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Hellgate's Ospreys will soon fledge—don't miss it!

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August 01, 2014

Division of Labour

Ospreys show a distinct division of labour, as we have seen here at the Hellgate nest. The male, Stan has done the majority of the hunting and the female Iris spends over 90% of the day and presumably all night brooding, guarding, sheltering and feeding the nestlings. When off the nest she is likely bathing, chasing intruders (defending the nest) and possibly foraging (rare until the young fledge). It is thought that the slow developing helpless young are a contributing factor to this division of care. For several days after hatching the young birds' internal temperature varies considerably, they therefore must be brooded by an adult until they are able to control their temperature/ thermoregulate. However they also require some protection even after they are able to thermoregulate. We have seen Iris sheltering the nestlings from both the rain and intense sun. Both Iris and Stan are helping raise the young to independence. With Stan hunting and Iris brooding they have the best chance of survival. Iris is starting to leave the nest more often now as the nestlings get older and are closer to fledging. Click ‘More…’ for further information regarding Iris’s activity.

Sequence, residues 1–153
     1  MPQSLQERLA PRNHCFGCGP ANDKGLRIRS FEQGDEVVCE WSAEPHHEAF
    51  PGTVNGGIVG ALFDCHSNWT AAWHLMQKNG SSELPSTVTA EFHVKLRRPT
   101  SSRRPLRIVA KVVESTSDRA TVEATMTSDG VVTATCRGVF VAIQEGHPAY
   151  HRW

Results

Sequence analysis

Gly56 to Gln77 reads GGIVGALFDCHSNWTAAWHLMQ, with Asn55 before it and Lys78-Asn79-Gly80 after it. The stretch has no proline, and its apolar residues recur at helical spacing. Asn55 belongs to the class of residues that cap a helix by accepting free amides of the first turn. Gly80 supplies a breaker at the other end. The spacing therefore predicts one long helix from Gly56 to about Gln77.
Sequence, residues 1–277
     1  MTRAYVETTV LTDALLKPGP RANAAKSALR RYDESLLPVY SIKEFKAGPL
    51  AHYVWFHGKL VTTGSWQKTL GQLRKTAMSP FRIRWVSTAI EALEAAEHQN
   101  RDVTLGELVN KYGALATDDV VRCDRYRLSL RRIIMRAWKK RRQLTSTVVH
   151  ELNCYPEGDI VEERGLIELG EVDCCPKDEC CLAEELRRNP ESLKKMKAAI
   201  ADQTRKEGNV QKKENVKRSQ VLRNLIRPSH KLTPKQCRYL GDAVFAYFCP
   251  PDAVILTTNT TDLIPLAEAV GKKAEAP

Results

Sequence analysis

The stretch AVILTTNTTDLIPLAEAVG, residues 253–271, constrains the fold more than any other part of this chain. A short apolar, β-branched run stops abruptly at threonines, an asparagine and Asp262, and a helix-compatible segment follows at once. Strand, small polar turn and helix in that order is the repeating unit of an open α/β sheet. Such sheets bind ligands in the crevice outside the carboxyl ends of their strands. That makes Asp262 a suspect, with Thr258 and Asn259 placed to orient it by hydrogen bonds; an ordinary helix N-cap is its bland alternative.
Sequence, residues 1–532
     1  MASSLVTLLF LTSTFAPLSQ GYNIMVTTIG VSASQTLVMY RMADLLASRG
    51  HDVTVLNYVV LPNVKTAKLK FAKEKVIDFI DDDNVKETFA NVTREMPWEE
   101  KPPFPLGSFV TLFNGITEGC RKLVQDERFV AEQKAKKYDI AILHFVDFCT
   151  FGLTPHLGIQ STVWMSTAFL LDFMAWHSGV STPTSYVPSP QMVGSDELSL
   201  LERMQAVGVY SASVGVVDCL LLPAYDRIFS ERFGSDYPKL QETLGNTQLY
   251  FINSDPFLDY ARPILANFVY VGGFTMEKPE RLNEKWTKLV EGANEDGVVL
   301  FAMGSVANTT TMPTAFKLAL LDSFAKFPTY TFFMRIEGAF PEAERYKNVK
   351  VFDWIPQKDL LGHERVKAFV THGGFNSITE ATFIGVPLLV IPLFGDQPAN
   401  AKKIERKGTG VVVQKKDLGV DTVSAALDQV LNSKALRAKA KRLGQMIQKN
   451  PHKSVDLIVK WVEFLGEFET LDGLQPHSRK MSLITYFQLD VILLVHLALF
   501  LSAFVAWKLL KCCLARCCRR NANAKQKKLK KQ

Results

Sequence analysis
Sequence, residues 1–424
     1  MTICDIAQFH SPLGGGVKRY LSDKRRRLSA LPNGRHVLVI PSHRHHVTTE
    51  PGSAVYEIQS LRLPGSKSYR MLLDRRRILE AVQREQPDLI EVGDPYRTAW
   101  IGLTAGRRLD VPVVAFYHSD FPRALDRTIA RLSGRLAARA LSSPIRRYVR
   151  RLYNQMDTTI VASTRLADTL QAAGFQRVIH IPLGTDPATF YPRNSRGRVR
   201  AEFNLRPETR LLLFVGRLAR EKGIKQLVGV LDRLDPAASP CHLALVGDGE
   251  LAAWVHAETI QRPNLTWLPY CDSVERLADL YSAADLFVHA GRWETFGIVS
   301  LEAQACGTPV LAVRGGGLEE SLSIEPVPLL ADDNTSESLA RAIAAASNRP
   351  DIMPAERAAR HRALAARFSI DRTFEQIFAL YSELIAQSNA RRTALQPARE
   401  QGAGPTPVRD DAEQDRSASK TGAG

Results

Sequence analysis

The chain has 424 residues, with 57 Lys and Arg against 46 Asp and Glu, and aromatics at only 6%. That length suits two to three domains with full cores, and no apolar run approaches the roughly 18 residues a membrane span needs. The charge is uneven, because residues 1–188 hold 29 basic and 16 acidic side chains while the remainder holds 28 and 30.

August 01, 2014

Keeping Cool

In Barn Owls the control of body temperature has not been studied in detail. It is thought that the capacity for temperature regulation in young owls develops slowly. Birds do not have sweat glands and use various different methods to thermoregulate. One of those methods is gular fluttering/ panting. Several species vibrate the muscles and bones in their throats, helping to cool their airways and lower an elevated internal temperature. When the Barn Owl chicks open and close their beaks quickly without making a sound this is what they are likely doing. It is hot in Italy, Texas right now and although the box is shaded and well ventilated they still need to keep cool. 

July 31, 2014

Snowy Owl Cam Closing Today

As the Snowy Owl chicks have moved quite some distance away from the camera now we have decided to close the camera for the season. It has been an amazing few weeks. Thanks to the viewers, explore.org and the Owl Research Institute for making this cam so enjoyable. You can check out more explore cams at their site http://explore.org . Click 'More...' for further information about the great work of the Owl Research Institute. 

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